The Landmark Trust celebrates its first half-century.
Next year, the Landmark Trust, an admirable charity that rescues interesting buildings—gatehouses, castles, piggeries, chapels—and rents them out for holidays, celebrates its first half-century. Its new project, for which funding is urgently needed, is Llwyn Celyn, a 15th-century manor house in the Black Mountains that has been covered in scaffolding for a decade. It hopes to open the house for rent in 2016.
The trust will have two more buildings for rent next year: Belmont, the seaside villa in Lyme Regis, Dorset, where John Fowles wrote The French Lieutenant’s Woman and which was formerly owned by Eleanor Coade, who developed Coade stone, and Pugin’s St Edward’s Presbytery in Ramsgate, Kent. There will also be an open weekend, on May 16–17, when 25 properties will be open to the public, plus a project with sculptor Anthony Gormley, LAND, with installations at the Martello Tower in Suffolk, Clavell Tower in Dorset, Lundy Island, Lengthsman’s Cottage in Warwickshire and Saddell Bay on the Mull of Kintyre.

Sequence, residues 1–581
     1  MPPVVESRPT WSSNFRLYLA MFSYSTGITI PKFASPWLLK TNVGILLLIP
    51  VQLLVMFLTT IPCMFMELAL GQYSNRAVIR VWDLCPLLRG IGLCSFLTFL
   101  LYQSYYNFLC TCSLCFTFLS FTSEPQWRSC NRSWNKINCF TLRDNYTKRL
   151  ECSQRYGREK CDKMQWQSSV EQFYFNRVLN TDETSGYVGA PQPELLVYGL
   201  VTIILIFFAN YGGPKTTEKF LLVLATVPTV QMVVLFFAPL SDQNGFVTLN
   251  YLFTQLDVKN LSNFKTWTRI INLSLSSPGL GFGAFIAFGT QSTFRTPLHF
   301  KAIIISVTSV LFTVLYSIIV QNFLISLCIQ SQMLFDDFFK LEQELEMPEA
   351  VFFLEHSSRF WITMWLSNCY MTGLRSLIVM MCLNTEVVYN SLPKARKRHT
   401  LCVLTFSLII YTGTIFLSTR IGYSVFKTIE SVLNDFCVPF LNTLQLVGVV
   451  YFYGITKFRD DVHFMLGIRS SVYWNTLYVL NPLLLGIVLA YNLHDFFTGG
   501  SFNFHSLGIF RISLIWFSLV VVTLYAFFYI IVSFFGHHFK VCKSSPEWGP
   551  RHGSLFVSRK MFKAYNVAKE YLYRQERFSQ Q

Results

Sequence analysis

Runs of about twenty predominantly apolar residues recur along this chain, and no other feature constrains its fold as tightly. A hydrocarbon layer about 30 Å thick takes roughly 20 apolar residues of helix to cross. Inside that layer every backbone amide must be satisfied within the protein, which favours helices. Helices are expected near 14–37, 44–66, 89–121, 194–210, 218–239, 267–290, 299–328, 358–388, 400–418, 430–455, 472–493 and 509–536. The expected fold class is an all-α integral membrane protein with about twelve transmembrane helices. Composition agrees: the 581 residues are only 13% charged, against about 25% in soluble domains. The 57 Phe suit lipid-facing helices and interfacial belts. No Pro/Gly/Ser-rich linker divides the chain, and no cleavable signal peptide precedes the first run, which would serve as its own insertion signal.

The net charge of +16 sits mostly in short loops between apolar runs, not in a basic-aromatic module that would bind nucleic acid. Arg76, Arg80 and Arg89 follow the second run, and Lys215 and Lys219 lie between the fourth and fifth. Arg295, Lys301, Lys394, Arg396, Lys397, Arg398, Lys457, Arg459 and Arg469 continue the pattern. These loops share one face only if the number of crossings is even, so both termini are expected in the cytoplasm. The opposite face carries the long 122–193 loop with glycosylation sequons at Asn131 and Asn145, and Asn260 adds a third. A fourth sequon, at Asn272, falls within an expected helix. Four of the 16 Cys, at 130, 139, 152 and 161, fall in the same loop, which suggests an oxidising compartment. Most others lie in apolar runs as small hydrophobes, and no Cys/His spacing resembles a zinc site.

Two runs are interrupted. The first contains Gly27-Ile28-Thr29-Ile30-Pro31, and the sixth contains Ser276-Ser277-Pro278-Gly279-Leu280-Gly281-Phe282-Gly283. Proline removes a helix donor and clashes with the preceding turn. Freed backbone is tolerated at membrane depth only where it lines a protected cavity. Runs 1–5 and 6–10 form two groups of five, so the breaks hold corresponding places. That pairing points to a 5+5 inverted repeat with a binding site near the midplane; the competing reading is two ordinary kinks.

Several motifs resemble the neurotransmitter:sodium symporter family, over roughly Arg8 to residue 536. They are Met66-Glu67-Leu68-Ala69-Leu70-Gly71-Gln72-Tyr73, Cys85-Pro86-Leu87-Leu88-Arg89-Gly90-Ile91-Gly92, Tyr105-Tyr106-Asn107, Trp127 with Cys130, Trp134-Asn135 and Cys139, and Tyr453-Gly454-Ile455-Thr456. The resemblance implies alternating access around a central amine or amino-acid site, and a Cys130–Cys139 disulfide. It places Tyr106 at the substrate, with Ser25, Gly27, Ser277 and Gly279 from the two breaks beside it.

For more information on how to donate to the appeal and to find out about the 50 breaks being offered to charities, telephone 01628 825920 or visit www.landmarktrust.org.uk